FIELD OF THE INVENTION

The present invention relates to an apparatus and housing for treating a horizontal surface by propelling abrasive particles against the surface.

SUMMARY OF THE INVENTION

An apparatus constructed in accordance with the present invention comprises a housing with a feed hopper to hold and dispense abrasive particles, a flat-walled rebound chamber to contain abrasive particles striking the surface to be treated, a return corridor for reclaiming spent abrasive particles and a collection chamber to distribute abrasive particles back into the feed hopper. The housing has a bottom with a blast opening through which abrasive particles are propelled to strike the surface to be treated.

A rotating blast drum is mounted within the housing. The blast drum includes a plurality of radially extending blades for propelling abrasive particles through the blast opening and against the surface to be treated. A dust collector is attached to the housing to air wash the abrasive particles and to draw abrasive particles from the rebound chamber upward through the return corridor.

One object of the present invention is to provide an apparatus and housing with a flat-walled design, which allows easy replacement of wear-plates in areas of exposure to wear. Flat, rectangular wear-plates have the advantage of being simple and economical to produce.

Another object of the present invention is to provide an apparatus with a short, straight return path for abrasive particles. A short, straight return path of the abrasive particles allows the apparatus to operate with less abrasive material, a smaller feed hopper and a more compact design than conventional machines.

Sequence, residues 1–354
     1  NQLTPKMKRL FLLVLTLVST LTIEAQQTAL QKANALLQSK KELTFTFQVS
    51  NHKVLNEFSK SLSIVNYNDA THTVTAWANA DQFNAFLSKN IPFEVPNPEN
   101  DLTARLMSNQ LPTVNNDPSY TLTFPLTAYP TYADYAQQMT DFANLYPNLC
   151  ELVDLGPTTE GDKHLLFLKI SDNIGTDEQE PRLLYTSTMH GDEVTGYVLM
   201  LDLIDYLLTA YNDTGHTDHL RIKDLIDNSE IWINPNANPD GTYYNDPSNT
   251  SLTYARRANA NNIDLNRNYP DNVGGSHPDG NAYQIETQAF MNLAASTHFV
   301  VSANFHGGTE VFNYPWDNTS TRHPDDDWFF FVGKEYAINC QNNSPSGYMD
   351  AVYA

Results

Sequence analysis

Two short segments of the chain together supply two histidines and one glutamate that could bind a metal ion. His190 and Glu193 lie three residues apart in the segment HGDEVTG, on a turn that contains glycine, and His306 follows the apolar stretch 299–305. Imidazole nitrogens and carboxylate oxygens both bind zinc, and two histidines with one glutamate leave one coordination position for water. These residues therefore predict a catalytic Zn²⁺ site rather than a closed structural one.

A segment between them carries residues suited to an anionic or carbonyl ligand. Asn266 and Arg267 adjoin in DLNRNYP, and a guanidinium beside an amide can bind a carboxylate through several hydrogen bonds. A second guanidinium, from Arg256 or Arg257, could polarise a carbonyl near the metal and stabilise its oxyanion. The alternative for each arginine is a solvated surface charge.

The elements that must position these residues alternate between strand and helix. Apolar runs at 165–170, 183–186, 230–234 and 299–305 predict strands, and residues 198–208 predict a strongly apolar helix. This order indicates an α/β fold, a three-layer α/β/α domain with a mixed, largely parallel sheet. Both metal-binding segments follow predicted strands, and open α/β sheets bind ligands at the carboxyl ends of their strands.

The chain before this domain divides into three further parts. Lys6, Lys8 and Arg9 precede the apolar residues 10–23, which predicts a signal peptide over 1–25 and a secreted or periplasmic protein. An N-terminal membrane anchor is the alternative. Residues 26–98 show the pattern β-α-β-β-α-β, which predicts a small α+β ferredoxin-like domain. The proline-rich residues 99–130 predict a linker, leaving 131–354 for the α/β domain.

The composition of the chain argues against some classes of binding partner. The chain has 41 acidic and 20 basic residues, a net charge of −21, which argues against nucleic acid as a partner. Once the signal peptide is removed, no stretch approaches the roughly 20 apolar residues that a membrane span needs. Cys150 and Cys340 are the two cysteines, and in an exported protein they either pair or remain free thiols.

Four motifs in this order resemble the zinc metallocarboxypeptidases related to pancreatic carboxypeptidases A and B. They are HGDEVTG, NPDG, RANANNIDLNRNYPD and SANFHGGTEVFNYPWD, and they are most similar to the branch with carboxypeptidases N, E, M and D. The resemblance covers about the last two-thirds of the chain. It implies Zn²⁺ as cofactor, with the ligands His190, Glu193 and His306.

Other advantages and features of the present invention are apparent from the following detailed description when read in conjunction with the accompanying drawings and appended claims.

BRIEF DESCRIPTION OF THE DRAWINGS

FIG. 1 is a perspective view of the operator's side of an apparatus constructed in accordance with the present invention. For simplicity of illustration, the dust collector is not shown.

FIG. 2 is a perspective view of the housing side of the apparatus of FIG. 1. For purposes of simplicity, the dust collector is not shown.

FIG. 3 is a partly diagrammatical, sectional side view of the housing of the apparatus of FIG. 1.

DETAILED DESCRIPTION OF THE PREFERRED EMBODIMENTS

Referring to the drawings in detail, reference character 10 generally designates an apparatus constructed in accordance with the present invention. As shown in FIGS. 1 and 2, the apparatus 10 comprises a housing 12 adapted for movement over a substantially horizontal surface. The housing 12 is mounted to a mobile frame 14 and has an open bottom which serves as a blast opening. The top of the housing 12 has an access opening which is covered with an attached lid 15. The lid 15 is provided with a hinge 16 and latch 17. A pair of rear wheels 18 are mounted to the rear of the frame 14 and a front wheel 19 with a steering mechanism 20 is mounted to the front of the frame 14.